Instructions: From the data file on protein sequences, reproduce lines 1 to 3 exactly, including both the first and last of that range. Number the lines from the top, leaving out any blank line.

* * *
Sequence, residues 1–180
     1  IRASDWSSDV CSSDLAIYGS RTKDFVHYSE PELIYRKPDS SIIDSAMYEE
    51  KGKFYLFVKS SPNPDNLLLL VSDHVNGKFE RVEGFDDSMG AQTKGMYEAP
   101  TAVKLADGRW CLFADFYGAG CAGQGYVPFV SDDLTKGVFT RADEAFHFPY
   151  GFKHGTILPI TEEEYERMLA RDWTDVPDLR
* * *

Sequence, residues 1–180
     1  IRASDWSSDV CSSDLAIYGS RTKDFVHYSE PELIYRKPDS SIIDSAMYEE
    51  KGKFYLFVKS SPNPDNLLLL VSDHVNGKFE RVEGFDDSMG AQTKGMYEAP